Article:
What should we read next for our online book club? We just finished Sara Goldrick-Rab’s 2017 work on financial aid, Paying the Price .
Since 2014 we’ve been reading books covering different ways of approaching education, technology, and the future. Titles have included media history, near-future science fiction, education economics, anti-authoritarian schooling, changes in higher education, sociology of class, the emerging world of automation, and the 21st century’s most important work of economics.
Here are books that have led the pack in previous discussions, plus a few that I’ve added to the mix.
- Bill Bishop and Robert G. Cushing, The Big Sort: Why the Clustering of Like-Minded America Is Tearing Us Apart. An accessible analysis of how American society is sifting itself into separate strata and locations. A good followup to our Robert Putnam reading.
- Allan Collins, Richard Halverson, Rethinking Education in the Age of Technology: The Digital Revolution and Schooling in America. A Columbia Teachers’ College Press book about how education can change to best respond to technology.
- Tressie McMillan Cottom, Lower Ed: The Troubling Rise of For-Profit Colleges in the New Economy. A critical look at how the for-profit sector boomed and took advantage of many Americans.
- Claudia Goldin and Lawrence F. Katz, The Race between Education and Technology. Explores how education changes to prepare students for technological shifts.
- Yuval Noah Harari, Homo Deus: A Brief History of Tomorrow (one review). A futurist considers ways humanity might evolve.
- Ramez Naam, Nexus. Science fiction about a world is driven by nanotechnology, which enables new politics and a thriller plot. The author is friendly on Twitter.
- Chris Newfield, The Great Mistake: How We Wrecked Public Universities and How We Can Fix Them. Focuses on the defunding of American public higher education.
- Cathy O’Neill, Weapons of Math Destruction. A careful critique of the problems arising from big data, data analytics, and applying algorithms to increasing areas of human life.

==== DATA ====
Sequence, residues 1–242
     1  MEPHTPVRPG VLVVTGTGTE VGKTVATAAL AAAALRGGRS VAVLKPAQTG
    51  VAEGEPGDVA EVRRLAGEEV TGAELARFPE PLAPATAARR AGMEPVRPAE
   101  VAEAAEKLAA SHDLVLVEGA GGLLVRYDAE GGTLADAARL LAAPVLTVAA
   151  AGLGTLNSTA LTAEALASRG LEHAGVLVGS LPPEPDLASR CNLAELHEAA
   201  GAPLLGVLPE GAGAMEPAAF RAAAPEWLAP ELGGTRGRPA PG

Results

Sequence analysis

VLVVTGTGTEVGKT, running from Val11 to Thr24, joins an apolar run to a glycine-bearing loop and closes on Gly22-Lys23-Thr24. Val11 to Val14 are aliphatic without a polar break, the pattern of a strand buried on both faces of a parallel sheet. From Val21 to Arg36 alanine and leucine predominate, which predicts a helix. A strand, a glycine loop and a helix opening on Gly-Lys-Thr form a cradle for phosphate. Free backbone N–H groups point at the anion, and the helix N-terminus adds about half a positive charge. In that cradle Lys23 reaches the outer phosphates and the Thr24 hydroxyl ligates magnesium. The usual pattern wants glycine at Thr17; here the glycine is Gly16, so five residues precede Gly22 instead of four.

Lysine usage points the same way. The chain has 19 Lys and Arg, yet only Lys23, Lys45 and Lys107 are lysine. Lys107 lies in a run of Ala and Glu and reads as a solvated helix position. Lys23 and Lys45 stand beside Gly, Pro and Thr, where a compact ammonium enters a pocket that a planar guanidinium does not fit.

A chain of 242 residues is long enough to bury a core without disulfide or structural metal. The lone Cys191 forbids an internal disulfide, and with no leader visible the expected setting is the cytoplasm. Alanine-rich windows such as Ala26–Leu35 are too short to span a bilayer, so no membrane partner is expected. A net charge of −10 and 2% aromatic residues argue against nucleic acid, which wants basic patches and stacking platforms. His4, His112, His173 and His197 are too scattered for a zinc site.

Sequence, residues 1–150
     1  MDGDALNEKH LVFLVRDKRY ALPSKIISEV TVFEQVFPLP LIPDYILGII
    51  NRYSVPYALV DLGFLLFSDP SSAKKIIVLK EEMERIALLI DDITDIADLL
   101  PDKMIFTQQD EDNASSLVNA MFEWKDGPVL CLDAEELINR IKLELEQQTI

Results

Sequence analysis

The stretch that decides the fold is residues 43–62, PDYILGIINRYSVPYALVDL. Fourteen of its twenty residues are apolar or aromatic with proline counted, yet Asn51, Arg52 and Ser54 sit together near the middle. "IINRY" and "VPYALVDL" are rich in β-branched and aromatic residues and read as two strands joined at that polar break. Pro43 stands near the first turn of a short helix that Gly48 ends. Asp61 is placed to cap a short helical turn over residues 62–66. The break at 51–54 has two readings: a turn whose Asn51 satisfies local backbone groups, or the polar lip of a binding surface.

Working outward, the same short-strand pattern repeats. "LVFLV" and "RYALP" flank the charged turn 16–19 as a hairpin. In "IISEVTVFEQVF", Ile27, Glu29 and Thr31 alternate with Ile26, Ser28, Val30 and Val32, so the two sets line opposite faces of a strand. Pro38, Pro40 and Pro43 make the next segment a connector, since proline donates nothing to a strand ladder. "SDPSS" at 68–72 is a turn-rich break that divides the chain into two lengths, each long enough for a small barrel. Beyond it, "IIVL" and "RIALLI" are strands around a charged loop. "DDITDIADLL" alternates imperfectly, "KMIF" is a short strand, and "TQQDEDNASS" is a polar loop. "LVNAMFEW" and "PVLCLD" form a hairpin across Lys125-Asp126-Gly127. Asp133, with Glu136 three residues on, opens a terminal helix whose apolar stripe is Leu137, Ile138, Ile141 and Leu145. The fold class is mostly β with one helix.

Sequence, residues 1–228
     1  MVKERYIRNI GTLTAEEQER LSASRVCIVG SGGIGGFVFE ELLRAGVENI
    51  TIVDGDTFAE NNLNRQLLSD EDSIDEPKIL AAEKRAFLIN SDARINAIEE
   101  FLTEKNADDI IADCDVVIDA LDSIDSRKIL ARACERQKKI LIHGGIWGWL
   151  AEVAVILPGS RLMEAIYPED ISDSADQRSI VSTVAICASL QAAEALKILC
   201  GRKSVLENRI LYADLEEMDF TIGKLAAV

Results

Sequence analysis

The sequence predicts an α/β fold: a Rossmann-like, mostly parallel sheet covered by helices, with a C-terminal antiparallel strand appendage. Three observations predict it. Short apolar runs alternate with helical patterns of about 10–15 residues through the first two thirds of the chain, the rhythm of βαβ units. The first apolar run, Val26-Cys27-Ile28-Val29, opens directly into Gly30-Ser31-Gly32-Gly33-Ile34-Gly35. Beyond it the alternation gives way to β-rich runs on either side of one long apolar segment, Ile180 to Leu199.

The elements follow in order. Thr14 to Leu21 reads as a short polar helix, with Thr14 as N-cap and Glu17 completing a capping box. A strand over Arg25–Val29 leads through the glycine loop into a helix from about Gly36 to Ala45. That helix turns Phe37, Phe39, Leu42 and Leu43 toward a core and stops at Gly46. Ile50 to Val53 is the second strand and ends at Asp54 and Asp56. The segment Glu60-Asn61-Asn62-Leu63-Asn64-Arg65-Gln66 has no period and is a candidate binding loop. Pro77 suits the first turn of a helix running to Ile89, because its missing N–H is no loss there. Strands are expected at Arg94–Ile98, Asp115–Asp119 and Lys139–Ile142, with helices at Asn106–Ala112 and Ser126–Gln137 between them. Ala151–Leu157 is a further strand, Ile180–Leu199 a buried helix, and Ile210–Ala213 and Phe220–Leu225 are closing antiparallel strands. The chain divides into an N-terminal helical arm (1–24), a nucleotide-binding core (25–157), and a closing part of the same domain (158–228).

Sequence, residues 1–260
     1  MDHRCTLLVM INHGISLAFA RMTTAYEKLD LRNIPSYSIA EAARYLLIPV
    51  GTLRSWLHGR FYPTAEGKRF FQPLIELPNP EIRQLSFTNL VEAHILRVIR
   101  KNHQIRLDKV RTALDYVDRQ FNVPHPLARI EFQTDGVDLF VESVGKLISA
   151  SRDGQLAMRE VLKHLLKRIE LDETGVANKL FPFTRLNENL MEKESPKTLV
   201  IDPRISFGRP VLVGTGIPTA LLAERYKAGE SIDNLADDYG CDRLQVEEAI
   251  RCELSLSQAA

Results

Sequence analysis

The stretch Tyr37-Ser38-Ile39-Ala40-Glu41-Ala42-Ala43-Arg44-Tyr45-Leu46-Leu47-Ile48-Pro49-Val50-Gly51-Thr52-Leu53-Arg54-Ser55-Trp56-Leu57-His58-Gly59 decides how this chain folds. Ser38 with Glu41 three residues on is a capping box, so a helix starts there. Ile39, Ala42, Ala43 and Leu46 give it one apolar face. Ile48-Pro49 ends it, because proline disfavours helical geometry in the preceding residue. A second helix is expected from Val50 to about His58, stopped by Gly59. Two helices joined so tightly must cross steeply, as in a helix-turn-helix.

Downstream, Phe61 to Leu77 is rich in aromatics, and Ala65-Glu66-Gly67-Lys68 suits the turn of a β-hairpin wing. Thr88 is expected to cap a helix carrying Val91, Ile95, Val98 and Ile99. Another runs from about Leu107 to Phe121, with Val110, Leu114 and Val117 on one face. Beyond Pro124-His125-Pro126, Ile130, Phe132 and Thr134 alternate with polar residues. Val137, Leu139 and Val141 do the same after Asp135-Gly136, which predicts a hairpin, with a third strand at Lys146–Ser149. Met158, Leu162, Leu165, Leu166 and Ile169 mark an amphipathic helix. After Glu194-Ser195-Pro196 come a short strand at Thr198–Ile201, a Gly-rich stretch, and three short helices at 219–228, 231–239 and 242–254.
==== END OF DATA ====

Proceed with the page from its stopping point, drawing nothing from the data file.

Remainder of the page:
- Ada Palmer, Too Like the Lightning (NPR rave review). Science fiction extrapolating from all kinds of ideas we’re thinking about today. Lots of world-building with science, technology, and culture.
- Will Richardson and Rob Mancabelli, Personal Learning Networks: Using the Power of Connections to Transform Education. A serious look on connected learning, co-authored by a Future Trends Forum guest, and in its third edition.
- Jeff Selingo, College Unbound: The Future of Higher Education and What it Means for Students. A critical examination of higher ed in transformation.
- Strauss and Howe, The Fourth Turning (1997). This is the great book about American generational theory, an ambitious interpretation of this nation’s culture, and a tool for getting at the future. It’s very much in the news now, as people seek to apply its model to either Trump or his opposition.
- Vernor Vinge, Rainbows End . Hugo-award-winning science fiction novel about the future of education.
You can vote in this poll, and also add thoughts in comments below. You can support up to three titles:
I’m looking forward to your choices!
I read the Fourth Turning (and the precursor as well) almost – yikes! – 20 years ago. It’s amazing how well the authors’ theory has held up. I wouldn’t mind reading it again. I’ve had Weapons of Math Destruction on my Kindle for quite awhile and need a reason to actually start reading it.
Fourth Turning is a big book in futures work these days. Thank you.
Cathy O’Neill is awesome.
I’ve voted, but I’d like to suggest a title for the someday/maybe list: “The Future of the Professions: How Technology Will Transform the Work of Human Experts” by Richard Susskind and Daniel Susskind. Seems relevant to both what and how we teach, and how we organize work in higher ed.
Good one, Joe. I like what I’ve read of it.
Adding to the next mix.
A book not on your list – that I finished on my walk to work this morning – and which is fabulous that I’m sort of speechless – is The Collapsing Empire by John Scalzi. Even if we don’t bookclub this book – you should drop what you are doing right now and read this book.
That good? Warren Ellis thought it was a space opera Game of Thrones.
I’d like to make a suggestion. I’m bouncing around so much these days that committing to finishing a book in a reasonable amount of time is a real challenge (which is why I haven’t leapt in full throttle yet). Can we look at reading a sci-fi short story per week? I mentioned a few previously but a couple just off the top of my head:
Isaac Asimov: Profession http://employees.oneonta.edu/blechmjb/JBpages/m360/Profession%20I%20Asimov.pdf
Karl Schroeder: To Hie From Far Cilenia (in Metatropolis ed. John Scalzi)
I’m sure we can collectively come up with others. I’m thinking these are more bite-sized morsels and I’d love to discuss them with the group.
Did I ever mention my plans to assemble an anthology of sf about education?
I’d like to suggest “Rise of the Robots” by Martin Ford. It ties with with what Joe Murphy mentioned above. It looks at how technology is shaping our future today, including education.
Thank you, Jeff.
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I’m thinking of starting a local book discussion group and appreciate the suggestions. Personally I’d go for “Ada Palmer, /Too Like the Lightning / (NPR rave review ).”. However I am no longer involved with educational institutions. I am doing some teaching with small classes, or one on one.. I think your readers would probably benefit more from one of the books focusing on understanding and dealing with the interaction of technology and education. I’m reading (or at least starting) Thomas Friedman’s new book “Thank You for being late”.
Keep up the good work! Harry
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